Facebook recently updated their Edgerank content filtering system and turned it up a notch to be a little more aggressive in filtering out content. The goal it seems was to help people manage the influx of content coming from their stream and reduce it to the ones that have the most relevance to them (via previous interactions, likes, ignores, and so on). Unfortunately, I don’t think that it’s as altruistic as it seems, especially considering that content publishers can increase their stream potential by promoting their post via a payment to Facebook. In essence, Facebook instituted a paywall for their content, or your content. It’s almost a no brainer strategy to make some cash flow out of a fairly captive audience, especially for those that don’t use other networks like Twitter or Google+ (hint hint, diversify!).
It’s good that it wont affect end users so most may not even notice that they may no longer be getting all the posts they had previously gotten. For some, like Robert Scoble, it’s a welcome relief to filter out the noise. I’m a little more in George Takei’s camp (who does not like it), but more for the reason that it just doesn’t seem like the right thing to do from a user experience point of view. Facebook seems to have conceded and adjusted it a bit.
I’m all for filtering. In fact, I’d love to be able to nicely filter content from most of my streams in a way that doesn’t require too much effort. I don’t necessarily mind that Facebook or Google+ or Twitter may automatically do it for me, however, I want that concept to be my decision. I want the ability to opt into this type of filtering, and if needed, apply it only to certain segments. If this isn’t being done, there’s a fine line that gets crossed. In fact, there’s a lot of fine lines that get crossed.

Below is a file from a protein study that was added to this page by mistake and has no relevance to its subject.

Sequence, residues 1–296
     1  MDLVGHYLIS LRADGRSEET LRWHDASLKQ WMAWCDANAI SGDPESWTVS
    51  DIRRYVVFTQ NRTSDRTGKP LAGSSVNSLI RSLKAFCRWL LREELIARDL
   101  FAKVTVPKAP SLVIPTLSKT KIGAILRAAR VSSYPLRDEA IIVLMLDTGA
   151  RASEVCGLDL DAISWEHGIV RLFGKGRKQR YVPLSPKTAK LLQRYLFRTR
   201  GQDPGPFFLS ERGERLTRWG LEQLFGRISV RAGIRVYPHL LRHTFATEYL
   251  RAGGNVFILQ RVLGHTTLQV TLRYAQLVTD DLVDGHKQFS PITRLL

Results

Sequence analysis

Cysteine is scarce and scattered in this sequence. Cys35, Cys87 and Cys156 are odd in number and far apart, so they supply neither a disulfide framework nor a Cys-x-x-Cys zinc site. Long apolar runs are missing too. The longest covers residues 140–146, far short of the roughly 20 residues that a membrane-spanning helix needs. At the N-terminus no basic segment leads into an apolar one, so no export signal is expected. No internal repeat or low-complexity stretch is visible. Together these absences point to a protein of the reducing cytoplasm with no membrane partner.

Non user initiated content filtering is pretty much a form of data hostage taking. Combine that with monetization like Facebook is doing, and you’re suddenly into a subtle form of blackmail. Pay Facebook, else your posts wont show up in the user’s stream, even if the user has done nothing different and is even expecting them. That’s just not the right thing to do. I’ll be completely OK if they had decided that publishers that pay money can have promoted content show up in my stream (ala Twitter), provided I can keep my stream as is. It’s a free service after all, so I know they need to try something. Or even to create special areas where these posts can appear. I mean, we’re essentially talking about ads like we all know. But to take data hostage, especially for entities that aren’t particularly commercial (though even Takei has commercial interests to sell his book, he’s not necessarily primarily about that in day to day interactions), is just not ethical, especially for a system that purports itself to be “…free and always will be.” (as mentioned on the sign up page).